Remembering Joseph Bryan “Joe” Griffith, his family says the enactment of a common sense gun sale law would be the best kind of memoriam to honor him and the six other people who died and the 25 who were wounded on the blackest day in Odessa history, Aug. 31, 2019.
The Texas House Select Committee on Mass Violence & Community Safety convened at Odessa College last Nov. 7 to hear members of Griffith’s family and others testify about the need, but there has been no indication since then that the issue will be addressed in the legislative session opening Jan. 12, 2021, in Austin.
Carla Byrne of Odessa, Griffith’s sister, said in a July 22 email that she spoke to a member of the Springfield, Va.-based Gun Owners of America on her way out of the hearing. “This man, tall and looming in his GOA shirt, stopped me and said, ‘We don’t agree on things, but I’m sorry about what happened to your brother,’” she said.
“After listening to hours and hours of paranoid rhetoric from his GOA cohorts, I looked up into his face and saw kindness. I said, ‘Thank you, sir, can I ask you a question?’
“‘Sure,” he said.
“I’ve been sitting in here listening to rhetoric about ‘good guys with guns.’ I want you to know that my brother owned guns, lots of them, and had a gun right there in his car. But do you think his being a ‘good guy with a gun’ helped him that day? I mean, how was he to know, on his way to take family pics, that he was parked at a red light not next to the postman but a monster posing as a postman? How was he to know that he should get his gun out and hold it up at the ready like he was in the wild, wild West? His being a good guy with a gun was useless that day.”
“He looked down at me with sympathy and only shook his head with tears in his eyes. This sweet man messaged me later and said I had shown him another perspective and helped to change his views.”
Byrne acknowledged that 71-year-old Jack Wilson, who killed a shooter last Dec. 29 at a church in White Settlement, was a good guy with a gun, but she said the Odessa shooter should not have been able to buy a 5.56-millimeter AR-15 assault rifle in Lubbock because he was known to be mentally unstable and assaultive.
“What about all the bad guys with guns?” she asked. “Shouldn’t we try to ensure that there are some walls around them and their ability to obtain a gun? Why are all the supposed good guys so scared about implementing background checks for all gun sales? They’re worried that one common sense gun law will snowball into another law and another.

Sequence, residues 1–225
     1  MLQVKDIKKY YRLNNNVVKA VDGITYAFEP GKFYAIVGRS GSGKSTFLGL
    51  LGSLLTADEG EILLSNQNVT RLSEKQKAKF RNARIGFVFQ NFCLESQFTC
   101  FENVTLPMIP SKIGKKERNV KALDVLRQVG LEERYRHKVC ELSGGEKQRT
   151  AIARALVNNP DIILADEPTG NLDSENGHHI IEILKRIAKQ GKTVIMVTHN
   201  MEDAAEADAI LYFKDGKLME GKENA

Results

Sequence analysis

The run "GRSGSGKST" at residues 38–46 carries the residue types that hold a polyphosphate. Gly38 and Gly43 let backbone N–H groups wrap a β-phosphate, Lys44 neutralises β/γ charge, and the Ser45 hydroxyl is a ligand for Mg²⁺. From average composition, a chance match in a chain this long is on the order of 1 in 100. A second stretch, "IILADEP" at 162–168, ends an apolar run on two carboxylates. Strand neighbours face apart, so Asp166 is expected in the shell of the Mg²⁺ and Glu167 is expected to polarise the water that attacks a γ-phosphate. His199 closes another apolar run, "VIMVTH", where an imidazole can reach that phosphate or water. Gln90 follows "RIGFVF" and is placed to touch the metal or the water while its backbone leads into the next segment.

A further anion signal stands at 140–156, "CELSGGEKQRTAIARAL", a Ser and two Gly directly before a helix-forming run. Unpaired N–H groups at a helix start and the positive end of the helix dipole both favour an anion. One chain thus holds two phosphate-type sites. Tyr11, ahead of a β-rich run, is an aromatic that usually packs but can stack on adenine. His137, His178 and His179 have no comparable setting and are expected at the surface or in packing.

“But I call that bullshit. We don’t allow folks to operate a vehicle without a license. Why in the world do we allow just anyone to purchase a gun?”
Byrne, who owns a gun for home defense, said Texas “needs politicians with the backbone to do what is right and face the unequivocal result of angering the gun lobby.
“If our state representatives had the spine to shun the gun lobby, they might be surprised at the positive response from Americans, Texans and Odessans,” she said. “Ninety percent of Americans and 89 percent of Republicans support universal background checks for gun sales. So what gives? Money.
“My brother was a good man and this should not have happened. It was not God’s will. God’s will is not for evil. I pray people will listen. I pray our legislators will grow backbones and do what is right and I pray that Americans will vote for the legislators who address this issue.”
Griffith was a 40-year-old Odessa High School and University of Texas Permian Basin graduate who had taught mathematics for eight years at Goddard Junior High in Midland and since 2012 had worked at B-Line Filter & Supply. He and his wife Becky had two children.
His other sister, Marcy Askins of Midland, told the politicians at the hearing that the shooter “was admitted to a mental institution and threw a chair out of a window trying to escape.
“He assaulted the person who was trying to help him,” Askins said. “He was on his roof shooting innocent and defenseless animals and he brought a gun to a confrontation with his neighbor about trash. This is a man who bought a gun legally through a private sale who should have never been allowed a gun, let alone a gun of mass murder.”
Describing herself as a conservative Republican whose husband is a member of the National Rifle Association, Askins said, “I’m not trying to take away your guns.
“I believe a good guy with a gun will stop a bad guy with a gun every single time, but I do not want crazy people to have access to guns. Why do people have to continue dying? If you don’t want your family murdered in the street, please do something so you won’t be singing ‘Happy Birthday’ to your dead brother’s grave.
“We are reasonable people as we know you are. Please do something so no more people have to die.”
Griffith’s father Gary told the committee that his son “was an honest man, the best who ever lived,” and his mother Sharon said the lawmakers were “appointed by God for just such a time as this.
“The law failed us, but you have the chance to change it,” she said. “When the next mother sits before you, it’s going to be on you.”
Bob Campbell is a reporter for the Odessa American covering Religion and Lifestyle in the Permian Basin.